Procedure code for insurance​​

Bowel preparation instructions
Before Procedure
Please follow the instructions for bowel preparation as given in the leaflet dispensed by the pharmacist. Good bowel prep response is important for a successful procedure with adequate views of the bowel lining.

If taking iron tablets, anticoagulants and diabetic medications, these need to be stopped or doses modified as appropriate.

This is a day case procedure, on arrival to hospital, nursing team would check the details and do baseline observations.
Consent form would be signed for the procedure and if there are any further questions it could be discussed.


The colonoscopy procedure usually takes around 30 to 45 minutes.

Observations including pulse and BP would be checked and throughout the procedure, the pulse oximeter probe will be placed on the finger. Additional oxygen will be given through the nasal cannula.

A sedative and a painkiller will be given through the vein to help relax and be comfortable during the procedure. 

At the start of the procedure you will lie on your left-hand side and a cold lubricating jelly would be applied to examine the back passage. The colonoscope (flexible tube with camera at the tip) would be then inserted through the back passage.

To view the lining of the colon the bowel lumen is expanded slightly with air which would cause mild discomfort and distention of the abdomen. The tip of the colonoscope passes through curves and bends in the colon and it can cause mild discomfort. This discomfort is minimised by changing positions and if needed additional sedative/analgesia would be given.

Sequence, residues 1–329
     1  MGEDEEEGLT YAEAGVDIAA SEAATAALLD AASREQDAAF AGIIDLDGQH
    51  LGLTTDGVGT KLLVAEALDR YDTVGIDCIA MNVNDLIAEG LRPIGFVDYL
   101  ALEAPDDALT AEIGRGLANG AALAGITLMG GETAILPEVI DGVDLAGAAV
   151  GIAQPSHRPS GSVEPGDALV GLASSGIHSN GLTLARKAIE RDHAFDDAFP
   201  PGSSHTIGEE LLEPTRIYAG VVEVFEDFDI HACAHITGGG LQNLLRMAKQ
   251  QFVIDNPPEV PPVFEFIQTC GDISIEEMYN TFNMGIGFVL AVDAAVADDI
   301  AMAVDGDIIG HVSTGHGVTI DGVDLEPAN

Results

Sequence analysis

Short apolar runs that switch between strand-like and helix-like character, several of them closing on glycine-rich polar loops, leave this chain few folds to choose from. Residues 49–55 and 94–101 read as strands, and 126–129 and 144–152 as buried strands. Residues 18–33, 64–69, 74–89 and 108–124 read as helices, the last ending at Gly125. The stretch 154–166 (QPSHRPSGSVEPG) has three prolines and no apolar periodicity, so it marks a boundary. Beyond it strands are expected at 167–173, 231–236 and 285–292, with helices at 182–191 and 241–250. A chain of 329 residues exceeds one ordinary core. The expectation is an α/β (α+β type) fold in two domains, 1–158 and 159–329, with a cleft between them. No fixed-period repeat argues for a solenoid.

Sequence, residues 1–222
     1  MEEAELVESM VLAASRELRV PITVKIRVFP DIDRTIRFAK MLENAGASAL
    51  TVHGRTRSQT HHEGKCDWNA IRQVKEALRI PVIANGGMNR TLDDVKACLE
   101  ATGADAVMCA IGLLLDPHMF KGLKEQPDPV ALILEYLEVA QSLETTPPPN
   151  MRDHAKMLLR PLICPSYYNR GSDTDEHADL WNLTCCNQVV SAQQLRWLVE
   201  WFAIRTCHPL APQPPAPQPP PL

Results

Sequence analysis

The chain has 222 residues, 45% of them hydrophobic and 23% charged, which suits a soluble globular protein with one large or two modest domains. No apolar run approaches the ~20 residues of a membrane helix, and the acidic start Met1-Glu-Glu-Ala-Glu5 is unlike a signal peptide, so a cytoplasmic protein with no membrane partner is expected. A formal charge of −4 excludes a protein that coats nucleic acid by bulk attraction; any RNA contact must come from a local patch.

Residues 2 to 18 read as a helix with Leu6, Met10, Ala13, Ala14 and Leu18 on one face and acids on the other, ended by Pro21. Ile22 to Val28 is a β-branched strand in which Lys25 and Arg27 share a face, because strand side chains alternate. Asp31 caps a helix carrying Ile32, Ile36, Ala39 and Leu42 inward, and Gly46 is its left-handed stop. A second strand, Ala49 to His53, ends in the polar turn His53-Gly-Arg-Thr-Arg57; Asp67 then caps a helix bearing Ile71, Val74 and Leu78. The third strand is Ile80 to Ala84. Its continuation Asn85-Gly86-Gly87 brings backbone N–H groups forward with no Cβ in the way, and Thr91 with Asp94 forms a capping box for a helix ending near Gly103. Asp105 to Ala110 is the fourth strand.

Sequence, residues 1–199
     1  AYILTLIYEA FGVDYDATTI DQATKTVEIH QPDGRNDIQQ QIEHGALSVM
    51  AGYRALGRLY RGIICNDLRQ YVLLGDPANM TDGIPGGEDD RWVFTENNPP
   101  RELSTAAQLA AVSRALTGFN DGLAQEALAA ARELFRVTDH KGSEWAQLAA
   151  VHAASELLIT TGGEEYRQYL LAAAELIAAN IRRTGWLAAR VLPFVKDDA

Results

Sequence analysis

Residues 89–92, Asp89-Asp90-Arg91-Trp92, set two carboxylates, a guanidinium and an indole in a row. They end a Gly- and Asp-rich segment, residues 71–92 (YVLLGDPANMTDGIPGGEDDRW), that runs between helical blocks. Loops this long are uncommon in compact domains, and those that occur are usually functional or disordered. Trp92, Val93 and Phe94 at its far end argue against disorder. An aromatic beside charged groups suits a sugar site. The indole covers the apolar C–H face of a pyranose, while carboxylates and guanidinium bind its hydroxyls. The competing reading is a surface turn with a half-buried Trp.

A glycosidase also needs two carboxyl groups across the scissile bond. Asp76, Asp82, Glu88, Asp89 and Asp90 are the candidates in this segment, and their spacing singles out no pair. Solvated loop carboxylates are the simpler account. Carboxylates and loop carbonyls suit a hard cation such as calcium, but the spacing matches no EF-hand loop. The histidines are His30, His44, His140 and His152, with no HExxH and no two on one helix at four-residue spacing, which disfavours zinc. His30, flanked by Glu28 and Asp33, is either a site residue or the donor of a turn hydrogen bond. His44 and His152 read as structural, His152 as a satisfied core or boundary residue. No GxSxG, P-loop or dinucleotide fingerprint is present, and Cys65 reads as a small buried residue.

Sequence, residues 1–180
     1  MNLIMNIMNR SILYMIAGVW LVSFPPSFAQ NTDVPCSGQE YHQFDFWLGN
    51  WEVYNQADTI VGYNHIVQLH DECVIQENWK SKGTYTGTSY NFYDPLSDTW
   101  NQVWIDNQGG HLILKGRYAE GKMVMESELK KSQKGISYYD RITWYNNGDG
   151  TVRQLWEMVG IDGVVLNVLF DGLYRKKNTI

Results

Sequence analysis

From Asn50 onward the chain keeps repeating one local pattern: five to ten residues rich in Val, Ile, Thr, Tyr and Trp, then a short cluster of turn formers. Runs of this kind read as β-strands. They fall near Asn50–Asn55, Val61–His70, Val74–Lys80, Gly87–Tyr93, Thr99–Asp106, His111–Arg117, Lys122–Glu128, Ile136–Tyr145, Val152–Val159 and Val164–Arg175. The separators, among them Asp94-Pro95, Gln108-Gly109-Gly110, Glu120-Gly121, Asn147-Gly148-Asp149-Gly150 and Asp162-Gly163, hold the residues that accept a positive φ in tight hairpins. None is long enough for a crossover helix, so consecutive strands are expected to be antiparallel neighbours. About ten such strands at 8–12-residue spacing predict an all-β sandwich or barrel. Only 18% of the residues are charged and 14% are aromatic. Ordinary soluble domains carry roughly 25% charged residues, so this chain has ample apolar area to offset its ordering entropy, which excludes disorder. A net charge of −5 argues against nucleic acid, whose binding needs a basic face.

As part of this procedure biopsies may be taken and if feasible polyps would be removed. Polyps (small cauliflower/broccoli like growths) are usually benign (not cancerous), but they can change into cancer over time.  The samples will be sent to a laboratory for testing to see if the cells are benign or malignant (cancerous).​
After the procedure, you will be taken to your room/recovery bay and nurses would do another set of observations. Refreshment drink/snacks would be provided when awake.  

The recovery process would be for less than a hour. If there are no symptoms apart from mild abdominal distention/dicomfort (due to the air insufflation as part of the procedure) you can go home. 

Follow up appointment in clinic would be usually organised after the procedure, to explain the endoscopy and biopsy results.
This is a safe procedure however like with any other procedure there are some risks of complications.

The main risks are bleeding, perforation (small tear in the lining of bowel) and sedation related complications including aspiration pneumonia. The risk of bleeding and perforation increases if there is a need to do polypectomy.

If there is excessive bleeding through the back passage or increased severity of abdominal pain, please seek assistance, which could include A&E visit.

The procedure is done carefully and safely to avoid these risks.